Bottom Line: H 593 and H 630 would change Missouri law to allow people to carry hidden, loaded handguns in Missouri schools, college and university facilities, and bars , along with daycare centers, sports arenas, and police stations. Lawmakers should put the safety of their communities first and reject the gun lobby’s dangerous “guns everywhere” agenda in Missouri.
H 593 and H 630 would allow people to carry hidden, loaded handguns in schools—despite opposition from school safety experts who know that doing so is unnecessary and unsafe.
- Under current law, generally only trained law enforcement and security officers can carry concealed handguns in schools.§§ 571.030 R.S.Mo. (1)(1), 571.107 R.S.Mo. (1)(10). H 593 and H 630 would repeal this commonsense public safety law and allow civilians—including teachers—to carry hidden, loaded handguns in schools.
- Teachers and school safety experts oppose allowing guns in schools. The American Federation of Teachers and the National Education Association, the nation’s two largest teachers’ organizations oppose allowing guns in schools.“AFT, NEA: Arming Teachers Won’t Keep Schools Safe, Dec. 20, 2012, available at: http://www.nea.org/home/53943.htm. The federal government’s chief legal, law enforcement, public health, education, and emergency management agencies all agree that allowing civilians to carry guns in schools is not a sound security practice.
- Schools are already extremely safe. On average, only 1 percent of all homicides of school-age children occur on school grounds, on the way to or from school, or during a school sponsored event.Digest of education statistics, 2015. Table 228.10: School-associated violent deaths of all persons, homicides and suicides of youth ages 5-18 at school, and total homicides and suicides of youth ages 5-18, by type of violent death: 1993-93 to 2012-13. National Center for Education Statistics; http://nces.ed.gov/programs/digest/d15/tables/dt15_228.10.asp. Accessed November 28, 2016. There is approximately one homicide of a school-age youth at school per 1.8 million enrolled students.Zhang, A., Musu-Gillette, L., and Oudekerk, B.A. (2016). Indicators of School Crime and Safety: 2015 (NCES 2016-079/NCJ 249758). National Center for Education Statistics, U.S. Department of Education, and Bureau of Justice Statistics, Office of Justice Programs, U.S. Department of Justice. Washington, DC., at http://nces.ed.gov/pubs2016/2016079.pdf. Digest of education statistics, 2015. National Center for Education Statistics; date unknown. http://nces.ed.gov/programs/digest/d15/tables/dt15_105.20.asp?current=yes. Accessed November 28, 2016. And “active shooter” incidents, like those at Sandy Hook School and Columbine High School, are extremely rare.Everytown for Gun Safety Support Fund, “School Shootings in America"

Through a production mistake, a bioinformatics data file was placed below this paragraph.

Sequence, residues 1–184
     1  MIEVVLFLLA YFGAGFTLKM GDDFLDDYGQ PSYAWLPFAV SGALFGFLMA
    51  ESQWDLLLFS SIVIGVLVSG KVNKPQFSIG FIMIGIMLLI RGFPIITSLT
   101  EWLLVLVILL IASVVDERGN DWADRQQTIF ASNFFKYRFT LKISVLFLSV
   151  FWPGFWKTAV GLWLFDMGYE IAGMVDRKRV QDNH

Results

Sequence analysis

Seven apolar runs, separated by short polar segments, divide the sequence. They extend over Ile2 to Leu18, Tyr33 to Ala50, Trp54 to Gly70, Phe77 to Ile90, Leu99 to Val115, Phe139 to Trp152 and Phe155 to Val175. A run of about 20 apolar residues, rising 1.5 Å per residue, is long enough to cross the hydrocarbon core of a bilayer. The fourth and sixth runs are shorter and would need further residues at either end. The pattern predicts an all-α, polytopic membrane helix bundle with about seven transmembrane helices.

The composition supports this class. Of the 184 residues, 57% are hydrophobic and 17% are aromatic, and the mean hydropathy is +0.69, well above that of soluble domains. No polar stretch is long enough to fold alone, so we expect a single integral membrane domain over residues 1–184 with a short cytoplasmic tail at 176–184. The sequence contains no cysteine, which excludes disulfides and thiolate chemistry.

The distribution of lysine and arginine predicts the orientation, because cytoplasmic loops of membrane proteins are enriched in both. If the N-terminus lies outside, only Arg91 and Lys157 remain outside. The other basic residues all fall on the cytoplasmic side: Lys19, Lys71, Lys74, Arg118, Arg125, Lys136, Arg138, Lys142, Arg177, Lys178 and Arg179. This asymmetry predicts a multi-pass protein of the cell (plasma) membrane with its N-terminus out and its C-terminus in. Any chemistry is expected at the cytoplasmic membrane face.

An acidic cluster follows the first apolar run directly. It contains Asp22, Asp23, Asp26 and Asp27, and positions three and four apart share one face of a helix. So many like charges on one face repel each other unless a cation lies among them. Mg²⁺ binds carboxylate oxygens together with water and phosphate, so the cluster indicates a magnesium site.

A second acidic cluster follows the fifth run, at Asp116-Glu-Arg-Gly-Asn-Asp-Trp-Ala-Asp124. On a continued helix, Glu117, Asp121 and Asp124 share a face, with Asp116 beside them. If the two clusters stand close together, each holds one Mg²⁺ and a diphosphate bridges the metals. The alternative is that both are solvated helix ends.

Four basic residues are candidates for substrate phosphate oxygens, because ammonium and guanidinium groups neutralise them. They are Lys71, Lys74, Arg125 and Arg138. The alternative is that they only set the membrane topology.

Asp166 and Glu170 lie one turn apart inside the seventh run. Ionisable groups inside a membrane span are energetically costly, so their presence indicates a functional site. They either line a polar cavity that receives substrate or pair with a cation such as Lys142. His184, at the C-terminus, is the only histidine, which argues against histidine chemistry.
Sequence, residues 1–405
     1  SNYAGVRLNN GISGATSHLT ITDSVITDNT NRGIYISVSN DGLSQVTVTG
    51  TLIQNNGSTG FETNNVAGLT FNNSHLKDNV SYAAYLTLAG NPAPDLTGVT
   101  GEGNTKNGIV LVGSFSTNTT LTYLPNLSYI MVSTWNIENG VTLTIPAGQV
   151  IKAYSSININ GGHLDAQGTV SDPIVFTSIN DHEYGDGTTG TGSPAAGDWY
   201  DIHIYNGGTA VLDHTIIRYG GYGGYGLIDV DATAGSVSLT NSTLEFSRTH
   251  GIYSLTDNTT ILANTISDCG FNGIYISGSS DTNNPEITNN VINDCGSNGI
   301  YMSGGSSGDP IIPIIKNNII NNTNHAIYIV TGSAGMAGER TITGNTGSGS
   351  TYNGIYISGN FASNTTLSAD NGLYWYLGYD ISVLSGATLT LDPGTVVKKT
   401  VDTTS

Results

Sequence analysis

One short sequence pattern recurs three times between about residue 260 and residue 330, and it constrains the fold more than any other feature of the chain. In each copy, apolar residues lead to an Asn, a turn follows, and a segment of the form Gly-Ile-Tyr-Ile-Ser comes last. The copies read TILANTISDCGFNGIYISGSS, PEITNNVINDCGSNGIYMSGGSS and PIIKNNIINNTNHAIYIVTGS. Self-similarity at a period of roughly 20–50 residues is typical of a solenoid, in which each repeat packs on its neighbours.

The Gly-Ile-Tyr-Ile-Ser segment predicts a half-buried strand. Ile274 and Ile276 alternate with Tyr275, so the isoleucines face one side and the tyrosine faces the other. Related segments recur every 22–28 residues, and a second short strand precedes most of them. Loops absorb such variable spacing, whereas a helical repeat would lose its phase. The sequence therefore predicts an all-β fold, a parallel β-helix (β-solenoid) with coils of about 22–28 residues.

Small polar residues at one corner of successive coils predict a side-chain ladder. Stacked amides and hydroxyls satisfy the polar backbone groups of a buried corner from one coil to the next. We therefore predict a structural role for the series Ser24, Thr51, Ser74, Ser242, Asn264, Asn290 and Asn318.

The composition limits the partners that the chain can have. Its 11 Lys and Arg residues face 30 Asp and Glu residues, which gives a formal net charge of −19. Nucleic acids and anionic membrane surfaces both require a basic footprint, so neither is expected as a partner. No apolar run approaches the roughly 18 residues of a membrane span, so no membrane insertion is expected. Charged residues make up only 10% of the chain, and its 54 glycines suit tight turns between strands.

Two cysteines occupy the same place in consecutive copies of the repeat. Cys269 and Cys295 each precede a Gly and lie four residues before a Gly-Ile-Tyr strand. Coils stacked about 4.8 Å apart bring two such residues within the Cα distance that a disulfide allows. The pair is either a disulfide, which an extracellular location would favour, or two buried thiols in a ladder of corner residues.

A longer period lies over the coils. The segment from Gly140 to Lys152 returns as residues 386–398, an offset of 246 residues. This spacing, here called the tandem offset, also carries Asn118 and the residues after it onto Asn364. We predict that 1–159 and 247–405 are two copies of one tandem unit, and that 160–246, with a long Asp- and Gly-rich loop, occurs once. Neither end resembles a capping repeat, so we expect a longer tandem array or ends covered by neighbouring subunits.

H 593 and H 630 would allow people—including violent criminals—to carry hidden, loaded handguns in college and university facilities, despite opposition from campus stakeholders and the potential for significant security and insurance costs.
- Under current law, generally only trained law enforcement and security officers can carry concealed handguns in college and university facilities.§§ 571.030 R.S.Mo. (1)(1), 571.107 R.S.Mo. (1)(10). H 593 and H 630 would repeal this commonsense public safety law and allow civilians to carry hidden, loaded handguns in college and university facilities.
- H 593 and H 630 would allow some violent criminals and people with no firearms safety training—who can already legally carry concealed handguns in certain public places—to do the same in Missouri college and university facilities.Senate Bill 656, enacted in September 2016, changed Missouri law to allow people recently convicted of violent misdemeanor crimes to carry concealed handguns in most public places.